Book Review: Promise of Blood, by Brian McClellan
I guess the term “Flintlock Fantasy” has a better ring to it than “Magic and Muskets.”
Either way, the name of the subgenre certainly conveys what it’s about. Stories about fantasy characters with guns aren’t anything new (Solomon Kane usually packs a brace of pistols to go with his rapier, after all), but the Flintlock Fantasy subgenre is a bit more specific than that. Where Steampunk is often modeled after the Victorian era (often to its detriment), Flintlock Fantasy more often draws its inspiration from the Napoleonic Era, if not earlier. Or, as I read it described once– Steampunk is what happens after an industrial revolution, where Flintlock Fantasy is the moment right before.
Brian McClellan’s Powder Mage trilogy is one of the more popular works of Flintlock Fantasy to come out in recent years, and has kind of served as a codification of the genre. I’d been meaning to check these books out for awhile, so when I stumbled across Promise of Blood, the first of the series, in my library’s e-reader app, I figured I’d give it a go.
Promise of Blood starts with a coup heavily inspired by the French Revolution, down to the barricades and guillotines. (Though technically the barricades would become more prevalent during the July Revolution of 1830– I’ve been listening to the Revolutions Podcast a lot recently). Where a more traditional fantasy novel might center on the last scions of the royal family trying to escape and reclaim their power, McClellan has a different (and I dare say more interesting) story to tell. Field Marshal Tamas, one of the main viewpoint characters, is the officer who’s orchestrated the rebellion in order to overthrow a decadent and incompetent king for the good of the people.
Of course, revolutions are messy things– made even messier when magic is involved. Tamas and his son (another POV character) are powder mages, gifted with the ability to draw magic power from gunpowder. They can burn gunpowder with a thought, make their bullets curve and ricochet around corners, and even snort gunpowder to make themselves stronger and more alert. That last part is … basically magic cocaine, and McClellan treats it as such, complete with nosebleeds and addiction and stuff. Which just goes into the tone of the book– I don’t know if I’d call it outright Grimdark, but it’s a bit heavier than just a swashbuckling adventure.
Powder mages aren’t the only folks who can use magic, either. There are a couple of different styles of magic in the novel, most notably in the old cabal of mages that aren’t too happy about the king getting his head chopped off. McClellan, like a lot of modern fantasy writers, takes a lot of cues from Sanderson in establishing a couple of different interlocking magic systems and how they can be used against each other. Thankfully, there aren’t any charts at the back of the book detailing just who has what powers.
So while the revolutionary setting and the ‘hard’ magic systems are fairly modern, the deeper plot of Promise of Blood is a bit more straightforward and traditional in origin. Basically, it comes down to old gods being summoned, and massive armies going to war and suchlike. This isn’t a bad thing, per se, but it came off as a bit … higher magic level than I had expected, I guess.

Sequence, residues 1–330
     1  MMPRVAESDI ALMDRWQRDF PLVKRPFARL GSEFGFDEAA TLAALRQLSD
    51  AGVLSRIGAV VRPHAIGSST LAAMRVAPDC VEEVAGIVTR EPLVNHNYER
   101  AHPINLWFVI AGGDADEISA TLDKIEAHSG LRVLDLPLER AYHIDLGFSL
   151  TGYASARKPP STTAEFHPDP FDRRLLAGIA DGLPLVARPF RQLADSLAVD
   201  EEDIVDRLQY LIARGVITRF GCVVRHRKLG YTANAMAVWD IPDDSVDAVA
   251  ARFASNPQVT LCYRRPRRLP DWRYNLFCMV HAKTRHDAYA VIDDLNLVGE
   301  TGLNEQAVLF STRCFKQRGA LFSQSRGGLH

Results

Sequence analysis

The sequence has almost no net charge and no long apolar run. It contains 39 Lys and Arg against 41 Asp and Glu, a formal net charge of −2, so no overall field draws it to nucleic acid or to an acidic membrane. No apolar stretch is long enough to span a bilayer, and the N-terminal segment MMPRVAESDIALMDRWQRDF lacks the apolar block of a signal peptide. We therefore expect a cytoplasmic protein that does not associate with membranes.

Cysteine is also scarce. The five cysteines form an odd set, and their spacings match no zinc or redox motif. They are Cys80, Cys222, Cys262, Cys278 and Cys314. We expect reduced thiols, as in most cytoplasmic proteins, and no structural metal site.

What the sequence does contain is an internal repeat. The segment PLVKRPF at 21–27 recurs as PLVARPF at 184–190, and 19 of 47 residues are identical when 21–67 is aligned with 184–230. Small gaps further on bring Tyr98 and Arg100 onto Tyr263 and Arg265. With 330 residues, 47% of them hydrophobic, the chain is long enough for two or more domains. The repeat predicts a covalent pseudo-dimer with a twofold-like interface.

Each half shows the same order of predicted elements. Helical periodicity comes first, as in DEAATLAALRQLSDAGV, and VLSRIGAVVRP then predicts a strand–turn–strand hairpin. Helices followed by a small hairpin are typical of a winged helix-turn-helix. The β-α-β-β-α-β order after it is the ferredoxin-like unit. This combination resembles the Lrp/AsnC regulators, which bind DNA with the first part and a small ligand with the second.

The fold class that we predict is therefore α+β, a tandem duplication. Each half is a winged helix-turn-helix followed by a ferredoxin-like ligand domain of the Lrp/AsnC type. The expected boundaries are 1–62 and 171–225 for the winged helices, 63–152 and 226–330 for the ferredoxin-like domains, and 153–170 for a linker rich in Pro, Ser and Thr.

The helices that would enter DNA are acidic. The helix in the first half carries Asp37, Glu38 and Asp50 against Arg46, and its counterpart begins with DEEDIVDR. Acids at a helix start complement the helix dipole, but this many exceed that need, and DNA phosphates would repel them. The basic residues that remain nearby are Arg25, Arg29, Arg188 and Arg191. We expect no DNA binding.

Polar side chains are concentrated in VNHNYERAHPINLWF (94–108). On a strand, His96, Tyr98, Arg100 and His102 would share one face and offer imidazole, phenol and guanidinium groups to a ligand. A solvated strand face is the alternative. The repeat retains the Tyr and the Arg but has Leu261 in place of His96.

McClellan writes some pretty solid action scenes, and Promise of Blood has a lot of them. This said, I think they could be just a little bit better? As mentioned before, this book is the distillation of the term “Flintlock Fantasy,” which means single-shot weapons. Fair enough. Except that there’s at least one action scene where a character shoots his gun, misses, and then curses ‘cause the bad guy’s running away before he can reload … except he’s carrying multiple weapons. That’s the whole point of having more than one pistol, dude.
Likewise, the magic system is novel– but I found myself kind of overthinking the system. For example, if powder mages can ignite powder with just a thought– why bother with flintlock mechanisms to begin with? Without the need for a finicky device to set off the gunpowder, a powder mage could just weld a couple of metal tubes together and attatch it to a handle in a sort of primitive pepperbox pistol. Which would have the added bonus of being unusable by anyone except a powder mage– but again, that’s just me being a nerd.
And while it’s a serviceable enough fantasy adventure, Promise of Blood still has some notable flaws. There are a couple of fleshed out female characters, which is good– but at the same time, there’s some weird undercurrents to the book. Like, there’s a setting detail that the royal cabal of mages are inherently horny and sexy due to their powers, and so they all have their own harems. And then there’s another villainous character with a whole estate full of scantily clad sex-servants, which … like, I dunno, maybe McClellan just likes the word ‘harem.’ Maybe he’s been reading Mike Truk. I dunno. There’s also some business with a sidekick character getting noticed as “oh, she’s a woman,” by one of the protagonists, which … well, said sidekick is nineteen, so it’s not COMPLETELY skeevy, but it’s not exactly good optics. Especially considering the sidekick (who was actually one of my favorite characters in the book) is mute. She can communicate through sign language, buuuut the whole thing just feels kinda hinky.
Still, these are fairly small quibbles in the long run. Promise of Blood is a solid adventure that’s not too goofy- but not too grim, either. McLellan leaves enough plot threads dangling that I’ll probably read the next two books in the series … eventually. As while I enjoyed the story well enough, I’m not excited enough to gobble up the rest of the trilogy just quite yet.